Warhammer 40,000: Dawn of War (Relic Entertainment)
Dawn of War is a real-time strategy classic that’s been around since 2004. Its popularity spawned 2 sequels over the next decade, with Dawn of War II in 2009 and Dawn of War III in 2016. Apart from the lukewarm reception of the latter titles, fans of Games Workshop’s 40,000 franchise have praised the game’s adaptation of the original source material. The insanely over-the-top action the Dawn of War franchise presents encompasses the feeling of the 40,000 franchise tagline:
In the grim darkness of the far future, there is only war.
Both Warhammer: Vermintide 2 and Dawn of War instill players with the nauseous brutality that their horrific conflicts inflict on the world around them. The body counts and gory remnants of battles make players understand how awful living in the world must be. The most ruthless actions imaginable condoned in the name of victory, and warfare’s chaotic violence turned up to 11
Both the Warhammer: Vermintide and Dawn of War series stay true to their license. No matter how unbelievable the situation is, you can’t fault each game’s commitment to staying true to their licenses.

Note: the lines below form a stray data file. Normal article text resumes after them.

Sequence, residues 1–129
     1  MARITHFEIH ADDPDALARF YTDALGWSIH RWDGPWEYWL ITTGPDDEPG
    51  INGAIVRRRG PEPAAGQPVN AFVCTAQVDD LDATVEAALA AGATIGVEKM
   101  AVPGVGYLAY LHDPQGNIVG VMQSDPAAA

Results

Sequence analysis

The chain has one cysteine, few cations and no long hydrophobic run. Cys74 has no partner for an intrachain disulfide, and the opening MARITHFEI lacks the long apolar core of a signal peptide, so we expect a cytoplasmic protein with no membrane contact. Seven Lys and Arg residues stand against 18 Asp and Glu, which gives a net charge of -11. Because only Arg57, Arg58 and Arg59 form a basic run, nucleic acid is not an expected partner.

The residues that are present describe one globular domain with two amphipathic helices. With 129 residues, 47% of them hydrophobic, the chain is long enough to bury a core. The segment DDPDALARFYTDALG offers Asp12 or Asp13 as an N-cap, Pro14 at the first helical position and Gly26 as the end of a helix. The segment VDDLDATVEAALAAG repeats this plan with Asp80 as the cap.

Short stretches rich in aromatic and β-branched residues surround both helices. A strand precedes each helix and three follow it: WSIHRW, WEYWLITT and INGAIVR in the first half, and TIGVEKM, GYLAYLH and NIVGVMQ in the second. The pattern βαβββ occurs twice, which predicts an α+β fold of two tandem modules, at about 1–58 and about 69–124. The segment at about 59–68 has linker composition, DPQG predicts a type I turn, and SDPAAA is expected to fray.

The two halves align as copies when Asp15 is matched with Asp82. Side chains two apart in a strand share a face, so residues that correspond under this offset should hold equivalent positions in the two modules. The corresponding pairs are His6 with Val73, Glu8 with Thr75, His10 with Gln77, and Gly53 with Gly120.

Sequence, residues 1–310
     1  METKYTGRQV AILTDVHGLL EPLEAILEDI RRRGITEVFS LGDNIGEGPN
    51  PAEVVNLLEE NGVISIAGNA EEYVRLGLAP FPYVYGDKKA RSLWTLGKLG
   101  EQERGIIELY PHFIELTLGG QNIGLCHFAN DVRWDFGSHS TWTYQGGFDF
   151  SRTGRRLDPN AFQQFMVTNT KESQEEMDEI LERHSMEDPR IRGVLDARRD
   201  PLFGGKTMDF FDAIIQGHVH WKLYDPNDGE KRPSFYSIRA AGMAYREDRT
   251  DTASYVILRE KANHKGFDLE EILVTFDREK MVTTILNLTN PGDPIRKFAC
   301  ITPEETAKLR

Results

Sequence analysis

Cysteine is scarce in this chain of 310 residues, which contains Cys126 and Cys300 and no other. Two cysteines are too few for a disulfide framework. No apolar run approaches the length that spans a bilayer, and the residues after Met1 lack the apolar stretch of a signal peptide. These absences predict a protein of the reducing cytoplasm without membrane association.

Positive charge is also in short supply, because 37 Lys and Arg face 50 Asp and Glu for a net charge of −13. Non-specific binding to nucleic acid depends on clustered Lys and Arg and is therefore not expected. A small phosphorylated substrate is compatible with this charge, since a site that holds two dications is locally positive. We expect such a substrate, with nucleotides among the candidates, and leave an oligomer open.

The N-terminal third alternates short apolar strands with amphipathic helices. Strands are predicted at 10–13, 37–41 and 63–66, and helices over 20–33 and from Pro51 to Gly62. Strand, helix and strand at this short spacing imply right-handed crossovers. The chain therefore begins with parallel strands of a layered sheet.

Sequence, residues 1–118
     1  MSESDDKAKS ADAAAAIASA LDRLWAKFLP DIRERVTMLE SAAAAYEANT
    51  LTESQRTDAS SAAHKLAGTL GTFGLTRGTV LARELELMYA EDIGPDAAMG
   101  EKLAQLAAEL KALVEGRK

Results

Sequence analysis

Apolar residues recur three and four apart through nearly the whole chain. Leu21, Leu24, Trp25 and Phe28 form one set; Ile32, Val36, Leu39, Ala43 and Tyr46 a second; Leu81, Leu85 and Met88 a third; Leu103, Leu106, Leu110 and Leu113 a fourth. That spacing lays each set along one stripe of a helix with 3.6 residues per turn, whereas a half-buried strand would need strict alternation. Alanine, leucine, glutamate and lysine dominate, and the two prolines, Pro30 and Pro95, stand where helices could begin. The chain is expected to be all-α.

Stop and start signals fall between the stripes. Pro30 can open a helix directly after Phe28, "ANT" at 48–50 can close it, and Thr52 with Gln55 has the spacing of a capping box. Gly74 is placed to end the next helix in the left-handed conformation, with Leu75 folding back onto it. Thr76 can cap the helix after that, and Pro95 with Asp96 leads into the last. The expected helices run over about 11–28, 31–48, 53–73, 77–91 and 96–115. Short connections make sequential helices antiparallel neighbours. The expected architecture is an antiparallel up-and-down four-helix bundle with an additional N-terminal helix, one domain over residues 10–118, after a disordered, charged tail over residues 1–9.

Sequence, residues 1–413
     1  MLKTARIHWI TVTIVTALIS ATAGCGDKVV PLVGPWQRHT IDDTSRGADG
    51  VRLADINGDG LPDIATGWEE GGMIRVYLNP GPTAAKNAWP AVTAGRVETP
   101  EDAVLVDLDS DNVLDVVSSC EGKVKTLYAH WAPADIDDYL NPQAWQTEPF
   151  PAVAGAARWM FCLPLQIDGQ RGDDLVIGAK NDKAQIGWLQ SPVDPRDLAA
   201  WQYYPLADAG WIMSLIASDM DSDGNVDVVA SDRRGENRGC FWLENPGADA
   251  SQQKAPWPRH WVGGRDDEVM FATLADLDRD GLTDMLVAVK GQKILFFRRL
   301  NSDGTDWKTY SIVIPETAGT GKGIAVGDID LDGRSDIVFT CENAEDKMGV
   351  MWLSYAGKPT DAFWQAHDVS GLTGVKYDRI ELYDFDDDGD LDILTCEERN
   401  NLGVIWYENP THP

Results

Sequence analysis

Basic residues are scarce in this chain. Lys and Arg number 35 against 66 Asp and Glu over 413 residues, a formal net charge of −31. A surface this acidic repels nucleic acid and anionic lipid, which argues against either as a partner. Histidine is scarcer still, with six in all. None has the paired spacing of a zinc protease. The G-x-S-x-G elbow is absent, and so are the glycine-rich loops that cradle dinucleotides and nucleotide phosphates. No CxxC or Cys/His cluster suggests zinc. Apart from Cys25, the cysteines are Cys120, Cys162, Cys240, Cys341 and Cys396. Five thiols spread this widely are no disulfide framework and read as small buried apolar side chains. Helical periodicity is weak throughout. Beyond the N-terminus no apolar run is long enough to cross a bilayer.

If the fantastic setting of Warhammer: Vermintide 2 seemed too unbelievable to you, wait until you’ve seen anything taking place in Dawn of War’s Warhammer 40,000 universe.
This is a world where the unbelievable was escalated to a galactic scale. Dawn of War flaunts its source material everywhere, from the barbaric Orc Warriors to the hulking Space Marines. This is one of the most hilariously over-the-top dystopian futures I’ve ever seen – prioritizing gigantic metal armor and chainsaw-wielding knights to any grounded sense of futuristic sci-fi direction.
Despite the bombastic setting, Dawn of War takes an unexpectedly poignant position about the nature of warfare in its setting. Not a single faction can say they’re ‘winning’ the overall galactic conflict of the far future. Every faction is simply trying to retain what they possess – even the evil Chaos Marines. It hammers home how pointless the constant conflict becomes when everyone ends up exactly where they began. Compared to Vermintide 2’s victorious escapes, Dawn of War’s frenetic missions end with you witnessing what you’ve wrought on the battlefield.
Space Hulk: Deathwing (Streum On Studio)
If Warhammer: Vermintide 2 was the End Times version of Left 4 Dead, Space Hulk: Deathwing is its closest equivalent in the Warhammer 40,000 franchise. Players take control of a team of hulking Space Marines, intent on clearing out Gene-Stealers from a gigantic battleship.
Both Vermintide 2’s Fatshark and Space Hulk: Deathwing’s Streum On Studio prioritized attention to reverent world design. Levels in both titles retain shock and awe when reaching a new area, causing moments of appreciation for the incredible scenery. As a matter of fact, each game’s environments tell the people’s story much more clearly than the characters themselves.